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it depends, i guess. i'm like bomber, i don't clean a screen until i need it (or just get tired of looking at them and notice my nephew just standing around not doing anything), so if i just had to order extra shirts and print them from the screen/s i already had, that would be different. still, though, i'd explain to her that that's not always going to be the case and make her understand that set-up costs are very real expenses. that's why i actually like to show people the process if i can so that they get an understanding. that helps, i think, because people don't know the process and probably see places that offer free set-up but don't bother to read the fine print, kind of like seeing 'shirts as low as $2.19' and think that 2xlg AA should be the same price. they see 'as low as' but it doesn't register with some ppl, lol.
 

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yeah we take for granted that people have a graphic design background and have a clue what it takes to do things. the last job i did the customer had no idea how screen printing worked. he thought that some how all of the ink was on 1 screen. the thought that every color had a seperate screen never even crossed his mind. of course he is a truck driver. i dont have the slightest idea how much his truck weighs and what roads is allowed to drive on with it.
 

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I advise teams or groups like that to order a couple extras. I explain why and I give an example like, it costs 60.00 to prepare for this job that breaks down to 2.00 per shirt for the 20 you are ordering, if you come in for 2 more after I've torn down, I will have to charge the 60.00 again to setup and it will cost you 30.00 per shirt before the actual shirt cost and they also have to pay the frt of ordering 2 shirts. It's less expensive to get 2 extra now and have me print the logo and I can always pop a name and number on the back for them later. I also suggest they sell them to the parents if they get extra and don't use them. AND If you get a deal on the shirts tell them about cost difference of extras or reorders up front. Another tip...If they bring in shirts for you to print, warn them that if you mess one up, you will not replace. It's the chance they take trying to save money by getting their own shirts.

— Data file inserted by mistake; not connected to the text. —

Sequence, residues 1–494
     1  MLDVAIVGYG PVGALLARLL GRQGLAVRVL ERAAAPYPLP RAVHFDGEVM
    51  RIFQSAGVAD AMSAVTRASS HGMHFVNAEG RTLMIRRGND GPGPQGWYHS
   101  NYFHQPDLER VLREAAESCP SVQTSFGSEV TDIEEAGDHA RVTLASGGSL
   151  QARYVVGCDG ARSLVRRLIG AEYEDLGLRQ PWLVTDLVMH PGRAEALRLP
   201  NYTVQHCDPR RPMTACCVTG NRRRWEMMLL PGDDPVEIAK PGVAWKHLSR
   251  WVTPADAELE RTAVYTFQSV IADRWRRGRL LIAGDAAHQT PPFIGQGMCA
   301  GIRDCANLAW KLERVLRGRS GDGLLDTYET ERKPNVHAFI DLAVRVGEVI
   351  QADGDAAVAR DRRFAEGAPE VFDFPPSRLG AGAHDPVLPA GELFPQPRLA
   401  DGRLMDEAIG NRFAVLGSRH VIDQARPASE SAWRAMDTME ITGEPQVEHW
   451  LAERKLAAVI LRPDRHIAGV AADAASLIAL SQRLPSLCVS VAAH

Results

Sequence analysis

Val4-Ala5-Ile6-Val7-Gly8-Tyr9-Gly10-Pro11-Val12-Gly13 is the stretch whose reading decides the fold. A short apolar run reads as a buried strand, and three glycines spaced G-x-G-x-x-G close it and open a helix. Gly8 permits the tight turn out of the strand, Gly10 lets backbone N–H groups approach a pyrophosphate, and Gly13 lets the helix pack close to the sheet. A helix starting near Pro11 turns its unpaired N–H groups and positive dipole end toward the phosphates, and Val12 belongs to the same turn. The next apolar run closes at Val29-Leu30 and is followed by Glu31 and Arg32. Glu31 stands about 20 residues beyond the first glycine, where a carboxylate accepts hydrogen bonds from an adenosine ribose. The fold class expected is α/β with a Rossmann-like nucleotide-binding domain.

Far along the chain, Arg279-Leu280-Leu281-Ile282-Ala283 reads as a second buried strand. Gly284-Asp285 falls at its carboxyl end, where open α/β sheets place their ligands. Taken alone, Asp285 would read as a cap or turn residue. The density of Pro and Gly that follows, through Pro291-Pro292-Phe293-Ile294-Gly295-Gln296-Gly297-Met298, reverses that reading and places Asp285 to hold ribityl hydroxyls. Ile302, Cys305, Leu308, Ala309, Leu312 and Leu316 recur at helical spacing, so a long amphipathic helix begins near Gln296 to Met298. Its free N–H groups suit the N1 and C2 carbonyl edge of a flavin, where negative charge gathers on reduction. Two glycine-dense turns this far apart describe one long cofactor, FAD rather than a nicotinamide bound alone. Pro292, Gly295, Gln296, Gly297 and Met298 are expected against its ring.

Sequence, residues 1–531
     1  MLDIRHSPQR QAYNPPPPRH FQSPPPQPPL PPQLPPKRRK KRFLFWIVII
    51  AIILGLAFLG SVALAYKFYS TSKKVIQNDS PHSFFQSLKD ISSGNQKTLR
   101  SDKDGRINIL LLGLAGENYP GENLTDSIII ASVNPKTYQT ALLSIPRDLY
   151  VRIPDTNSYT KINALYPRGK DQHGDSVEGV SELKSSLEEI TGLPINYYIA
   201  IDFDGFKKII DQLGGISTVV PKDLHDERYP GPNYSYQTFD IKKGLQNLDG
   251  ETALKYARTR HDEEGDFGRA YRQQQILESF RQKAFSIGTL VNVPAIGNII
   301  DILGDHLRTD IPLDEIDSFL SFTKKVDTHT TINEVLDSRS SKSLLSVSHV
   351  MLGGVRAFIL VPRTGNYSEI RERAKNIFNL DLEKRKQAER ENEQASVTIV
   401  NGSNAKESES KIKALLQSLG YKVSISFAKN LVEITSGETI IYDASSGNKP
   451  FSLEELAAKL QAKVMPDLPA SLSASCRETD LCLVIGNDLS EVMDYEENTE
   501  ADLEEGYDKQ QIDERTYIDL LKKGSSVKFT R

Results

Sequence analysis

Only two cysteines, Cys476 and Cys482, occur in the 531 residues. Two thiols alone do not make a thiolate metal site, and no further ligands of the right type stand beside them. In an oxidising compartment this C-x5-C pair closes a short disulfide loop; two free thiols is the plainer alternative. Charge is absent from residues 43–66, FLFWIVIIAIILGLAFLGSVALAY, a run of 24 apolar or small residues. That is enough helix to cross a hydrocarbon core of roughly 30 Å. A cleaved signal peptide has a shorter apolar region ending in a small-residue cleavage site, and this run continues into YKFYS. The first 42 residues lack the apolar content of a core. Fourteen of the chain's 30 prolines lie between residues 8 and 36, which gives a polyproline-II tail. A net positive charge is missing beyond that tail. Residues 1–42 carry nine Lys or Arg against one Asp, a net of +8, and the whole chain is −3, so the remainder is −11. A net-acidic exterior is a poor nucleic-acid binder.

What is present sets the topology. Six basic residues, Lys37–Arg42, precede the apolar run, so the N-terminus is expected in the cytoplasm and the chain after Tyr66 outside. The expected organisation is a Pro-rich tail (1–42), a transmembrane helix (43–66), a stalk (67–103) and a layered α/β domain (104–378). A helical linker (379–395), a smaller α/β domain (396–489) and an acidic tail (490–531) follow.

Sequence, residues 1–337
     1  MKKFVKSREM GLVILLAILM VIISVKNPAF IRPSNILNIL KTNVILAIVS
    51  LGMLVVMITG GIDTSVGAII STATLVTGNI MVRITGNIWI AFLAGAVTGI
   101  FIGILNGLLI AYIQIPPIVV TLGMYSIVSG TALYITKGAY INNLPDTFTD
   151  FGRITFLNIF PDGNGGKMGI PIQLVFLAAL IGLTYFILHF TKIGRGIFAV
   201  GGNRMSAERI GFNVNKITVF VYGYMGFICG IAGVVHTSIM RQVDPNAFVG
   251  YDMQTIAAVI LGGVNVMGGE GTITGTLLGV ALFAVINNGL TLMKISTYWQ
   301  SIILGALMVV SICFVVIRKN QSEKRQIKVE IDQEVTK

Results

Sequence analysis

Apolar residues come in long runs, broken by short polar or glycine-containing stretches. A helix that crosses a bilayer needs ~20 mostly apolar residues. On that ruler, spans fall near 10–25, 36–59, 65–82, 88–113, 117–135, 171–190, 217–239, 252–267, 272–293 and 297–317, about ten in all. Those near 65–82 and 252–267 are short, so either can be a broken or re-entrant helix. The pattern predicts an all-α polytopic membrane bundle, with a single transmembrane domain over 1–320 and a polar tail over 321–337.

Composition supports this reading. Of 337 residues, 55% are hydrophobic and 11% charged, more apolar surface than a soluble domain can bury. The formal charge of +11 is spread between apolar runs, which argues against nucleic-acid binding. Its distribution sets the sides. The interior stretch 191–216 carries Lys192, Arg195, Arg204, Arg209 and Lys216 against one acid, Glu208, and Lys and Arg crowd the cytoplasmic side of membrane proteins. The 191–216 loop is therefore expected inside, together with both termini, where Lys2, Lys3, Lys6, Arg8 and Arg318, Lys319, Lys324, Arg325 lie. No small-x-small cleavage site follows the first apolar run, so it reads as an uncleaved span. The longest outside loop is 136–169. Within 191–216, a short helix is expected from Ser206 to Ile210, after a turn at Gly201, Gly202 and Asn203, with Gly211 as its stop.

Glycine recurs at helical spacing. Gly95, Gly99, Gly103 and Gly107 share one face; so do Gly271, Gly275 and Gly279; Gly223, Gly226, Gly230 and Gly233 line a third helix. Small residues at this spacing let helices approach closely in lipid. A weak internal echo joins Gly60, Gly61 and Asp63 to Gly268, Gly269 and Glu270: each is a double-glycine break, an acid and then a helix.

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Yep. I always say part of our jobs is to educate the customer.

I'd explain that there was no charge for the art or set-ups and I don't provide free art for other printers to print. Be nice, give her a fair price for the small quantity. Explain that you can't afford to work for free. She'll be back when she gets a quote from elsewhere. If not, good riddance and know better next time by making clear your policies on smaller quantity re-orders.

And don't be held hostage by the threat of "losing" future business.
 

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You should create a pricing chart that outlines the cost per print depending on the total number of prints. Also include a separate art fee if they want the artwork as well as a separate price for set up. People will ALWAYS come looking for a "deal" that isn't in your best interest, but if you do a good job and give a good price they will definitely come back
 

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We have discounted design fees for artwork that we create and print, and full license transfer for double what the art fees are so they can take it anywhere to have it printed. Setup fees on every order and reorder. No setup fees and same print cost for an additional 9 pieces is an unreasonable request.
 

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I agree with Tygeron. I'm not even sure why you are talking to her about set up fees and artwork charges:confused:. I know it takes time to do those things, but it sounds like the REAL issue here is that you can not order 9 pieces at the same price that you did for the full order, thus the reason for the need to charge more. Explain that to her, maybe even agree to do it at cost, and if she can't live with it, then let her go somewhere else, WITHOUT YOUR PREPARED ARTWORK, and have someone give her a quote on 9 pieces.